Gould, Hannah Flagg

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GOULD, Hannah Flagg

Born 3 September 1789, Lancaster, Massachusetts; died 5 September 1865, Newburyport, Massachusetts

Daughter of Benjamin and Griselda A. Flagg Gould

Hannah Flagg Gould lived most of her life in Newburyport, as the housekeeper and companion of her widowed father. A quiet and retiring person, she was nevertheless a central figure in the intellectual life of the community. She contributed poems to periodicals which her friends collected and published as Poems (1832). After the unexpected success of this book, she published several more volumes of poetry. Although her poems were fairly popular, her reputation did not endure.

Gould was best known for her short, simple poems about the child's world. She wrote about children because she saw them as closest to the spirit of God. In her poems, children express moral truth, and their innocence makes them receptive to the Divine Will. Gould's interest in the child's spiritual sensibility may have been stimulated by the work of William Blake. She copied into her commonplace book his poems about children, most notably "The Chimney Sweeper" and "The Tyger." She quoted admiringly Blake's remark that "my business is not to gather gold, but to make glorious shapes expressing God-like sentiments." But where Blake's children show "A world in a grain of sand / Heaven in a wild flower," Gould's children express conventional pieties. She lacked Blake's imagination, power, and skill, and so the children in her poems are often merely pathetic rather than visionary—their insights sentimental and didactic rather than profound.

Gould also wrote about the American past, contemporary manners, and nature. The historical poems are mostly about the American Revolution or America's religious and ethnic minorities—the Quakers, the Native Americans, and others. The most famous was The Rising Monument (1840), a poem commemorating the battle of Bunker Hill, which in dignified iambic pentameter tells of the "Patriot souls / That from thy native spot arose to God… / This last high place by freedom's martyrs trod."

The poems about the contemporary scene focus on manners and morals. While the patriots of the historical poems were virtuous and valued honor, Gould's contemporaries, she thought, were caught up with "progress" and preoccupied with wealth. As with most of her works, those poems about American history and contemporary manners are marred by excessive sentiment and didacticism.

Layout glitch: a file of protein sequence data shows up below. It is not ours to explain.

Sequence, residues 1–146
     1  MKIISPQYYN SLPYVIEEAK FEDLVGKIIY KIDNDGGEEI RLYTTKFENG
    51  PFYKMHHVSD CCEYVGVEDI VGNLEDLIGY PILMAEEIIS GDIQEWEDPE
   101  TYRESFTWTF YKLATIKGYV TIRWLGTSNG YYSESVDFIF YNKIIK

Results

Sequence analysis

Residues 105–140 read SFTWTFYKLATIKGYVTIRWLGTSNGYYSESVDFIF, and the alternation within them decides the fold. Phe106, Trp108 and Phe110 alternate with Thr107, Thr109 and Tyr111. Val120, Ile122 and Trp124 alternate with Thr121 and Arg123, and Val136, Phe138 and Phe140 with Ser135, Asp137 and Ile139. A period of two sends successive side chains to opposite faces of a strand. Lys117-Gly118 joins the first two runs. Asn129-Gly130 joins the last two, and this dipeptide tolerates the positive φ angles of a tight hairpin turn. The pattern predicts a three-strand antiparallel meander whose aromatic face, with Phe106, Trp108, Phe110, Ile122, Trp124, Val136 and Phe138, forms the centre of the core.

The best of Gould's poems are the nature poems, many of which were written for the "entertainment and instruction" of children. The most attractive are "The Frost," "The Pebble and the Acorn," "The Ground Laurel," and "A Name in the Sand." The latter illustrates the quiet gentleness which marks the best of Gould's work: "Alone I walked the ocean strand; / A pearly shell was in my hand: / I stooped and wrote upon the sand / My name—the year—the day. / As onward from the spot I passed. / One lingering look behind I cast; / A wave came rolling high and fast, / And washed my lines away." Simple and moral, these poems have a gentle charm in which the didacticism is mellowed by the author's unassuming tone.

Other Works:

The Golden Vase: A Gift for the Young (1843). Gathered Leaves (1846). New Poems (1850). The Diosma (1851). The Youth's Coronal (1851). The Mother's Dream, and Other Poems (1853). Hymns, and Other Poems for Children (1854). Poems for Little Ones (1863). Poems for Children (1870).


Gould, B. A., The Family of Zaccheus Gould of Topsfield (1895).

Reference works:

Career Women of America, 1776-1840 (1972). Daughters of America (1883). NCAB. Oxford Companion of Women's Writing in the United States (1995). Poets of Essex County, Mass. (1889). Woman's Record (1853).

Other references:

Baltimore Literary Monument (Nov. 1838). New England Historical and Genealogical Register (Jan. 1866). North American Review (Oct. 1835). Southern Literary Messenger (Jan. 1836).